Sunday, October 31, 2010
The Arch-Duke of Exotica: A Martin Denny Barrage
FORBIDDEN ISLAND (1958)
So begins this deluxe Martin Denny post. If you haven't heard his seminal Exotica records, Exotica I, II, and III, then by all fucking means, sir or lady, get and hear them. They are among the most prototypical sounds of the genre, and should be considered essential. This post is dedicated to the best of the rest of his early albums, which find ways to slightly (ever so slightly, usually) deviate from the small-combo soft-jazz+"exotic"-instrument formula of his Exotica records. This is his weirdest and most fun stuff.
Forbidden Island might as well be called Exotica 2.5, but it does squeak in some insane compositions, the luridly middle-eastern "Cobra" being the most arresting. Needless to say, this being Denny in his prime, the music here is stunningly gorgeous. Definitely a must-have. 320 rip.
Again, this record is pretty much straight out of Denny's usual playbook (perhaps more so than the previous, which has an Arabic tinge throughout), but it's so thoroughly excellent that it merits the highest regards. Not just more of the same, this is more of the Mega-Same. If anything, the bird calls that are a staple of Denny recordings are even more insane on this record, and every track is a classic. Also, dig this sublime cover, featuring Sandy Warner ("The Exotica Girl"), the model whom Denny would use for most of his early album covers. Her face and bust are as associated with Exotica as bird calls and Tiki masks. 192 rip.
This one starts to get pretty strange, exploring a sonic palette slightly darker and trippier than the usual Denny outing. An attempt at opium hallucination exotica, and the tracks are fat with sweet smelling smoke and languid sex. It gets a little goofy from time to time, but it thankfully finds Mr. Denny doing some welcome experimenting. Essential, as you might expect. 192 rip.
Here we find Ms. Warner posing as a blonde (the natural choice for this more African-leaning record, of course). This record contains one of my favorite compositions and an Exotica standard, "Baia." Also, the off-the-rails crazy "Swamp Fire," and "Ma'Chumba," with its loony, delightful vocals. Look, here's the thing about a good early Denny record: All the songs are always good. All the songs here are so fucking good. 320 rip.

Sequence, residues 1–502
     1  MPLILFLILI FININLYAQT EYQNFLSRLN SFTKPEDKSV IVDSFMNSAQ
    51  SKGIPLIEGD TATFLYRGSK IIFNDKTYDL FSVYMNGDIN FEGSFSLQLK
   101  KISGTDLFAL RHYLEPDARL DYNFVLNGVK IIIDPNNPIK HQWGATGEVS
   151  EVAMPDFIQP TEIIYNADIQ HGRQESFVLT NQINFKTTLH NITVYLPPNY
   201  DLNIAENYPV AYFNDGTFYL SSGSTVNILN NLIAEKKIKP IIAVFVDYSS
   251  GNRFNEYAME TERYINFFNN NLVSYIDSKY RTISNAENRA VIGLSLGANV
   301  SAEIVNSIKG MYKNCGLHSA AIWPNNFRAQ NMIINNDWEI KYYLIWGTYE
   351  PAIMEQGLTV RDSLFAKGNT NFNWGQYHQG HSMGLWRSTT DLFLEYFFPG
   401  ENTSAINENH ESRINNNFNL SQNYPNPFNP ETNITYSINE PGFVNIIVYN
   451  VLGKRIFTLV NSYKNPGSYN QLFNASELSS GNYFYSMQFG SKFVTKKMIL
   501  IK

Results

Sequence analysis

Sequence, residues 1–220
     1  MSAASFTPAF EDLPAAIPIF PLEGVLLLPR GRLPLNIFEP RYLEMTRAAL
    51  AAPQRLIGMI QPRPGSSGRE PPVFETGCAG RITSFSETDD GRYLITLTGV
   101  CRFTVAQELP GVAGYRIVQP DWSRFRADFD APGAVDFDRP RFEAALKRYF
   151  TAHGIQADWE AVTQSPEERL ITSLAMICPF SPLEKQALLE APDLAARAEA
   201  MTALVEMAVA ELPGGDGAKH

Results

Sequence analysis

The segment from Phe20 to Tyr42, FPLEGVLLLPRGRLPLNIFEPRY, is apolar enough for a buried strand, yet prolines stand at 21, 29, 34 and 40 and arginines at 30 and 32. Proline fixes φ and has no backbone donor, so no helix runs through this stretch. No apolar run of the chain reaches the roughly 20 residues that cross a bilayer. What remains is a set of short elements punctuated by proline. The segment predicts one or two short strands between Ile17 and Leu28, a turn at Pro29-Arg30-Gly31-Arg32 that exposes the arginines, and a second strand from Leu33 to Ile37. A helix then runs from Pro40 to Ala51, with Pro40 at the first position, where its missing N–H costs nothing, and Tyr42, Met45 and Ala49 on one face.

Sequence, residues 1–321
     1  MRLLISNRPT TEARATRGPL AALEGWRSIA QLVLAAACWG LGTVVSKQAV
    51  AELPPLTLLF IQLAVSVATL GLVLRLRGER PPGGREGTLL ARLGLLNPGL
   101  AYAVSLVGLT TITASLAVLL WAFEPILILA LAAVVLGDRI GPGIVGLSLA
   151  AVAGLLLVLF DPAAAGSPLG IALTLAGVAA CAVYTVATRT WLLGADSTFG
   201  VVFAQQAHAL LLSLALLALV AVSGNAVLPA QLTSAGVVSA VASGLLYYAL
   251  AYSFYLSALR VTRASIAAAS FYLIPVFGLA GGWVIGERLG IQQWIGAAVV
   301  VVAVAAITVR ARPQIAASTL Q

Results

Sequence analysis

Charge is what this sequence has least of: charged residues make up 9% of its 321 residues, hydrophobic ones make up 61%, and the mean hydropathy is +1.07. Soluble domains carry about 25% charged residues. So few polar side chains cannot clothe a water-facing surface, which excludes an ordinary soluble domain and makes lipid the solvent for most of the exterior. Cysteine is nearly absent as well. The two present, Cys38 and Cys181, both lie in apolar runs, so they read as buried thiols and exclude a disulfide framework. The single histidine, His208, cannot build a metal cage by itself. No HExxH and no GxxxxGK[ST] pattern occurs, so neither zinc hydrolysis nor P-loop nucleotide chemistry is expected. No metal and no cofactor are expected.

QUIET VILLAGE (1959)
"Quiet Village" is one of the most famous and most oft-recorded compositions in the Exotica canon, a shady slice of paradise and a deceptively simple piece of perfection. Les Baxter wrote it, but Denny found a lot of success with it as well. This is not the first time he would record it (or the last), but this record, named after the tune, is a typically strong showing from an unusually consistent master. 256 rip.
THE ENCHANTED SEA (1960)
Here we find Denny and his crew in a fairly sedate mode (and Ms. Warner both wet and brunette again), lushly and sleepily describing the seductive calm of the titular enchanted sea. It doesn't quite achieve this task as well as Les Baxter's similar effort, Jewels of the Sea, and the small-combo doesn't pull off the necessary depth of lushness in the way Baxter's orchestra can, but it is a very nice collection of soothing sounds. There's some nice brush-on-cymbals work, emulating the sound of waves. Good VBR rip.
EXOTIC PERCUSSION (1961)
After 1961, Denny would create many other tunes worth hearing, but Exotic Percussion is one of the last truly great albums of his career. Creating 10 or more stone-cold classics, chock-a-block with great songs and great instrumentation, in a period of just a few years is a staggering feat. Denny is more than just an American saint, he is also an international angel.
This record is about what you'd expect, which is very good (and at a nice VBR rip). Add all these records to what is hopefully a growing Exotica library.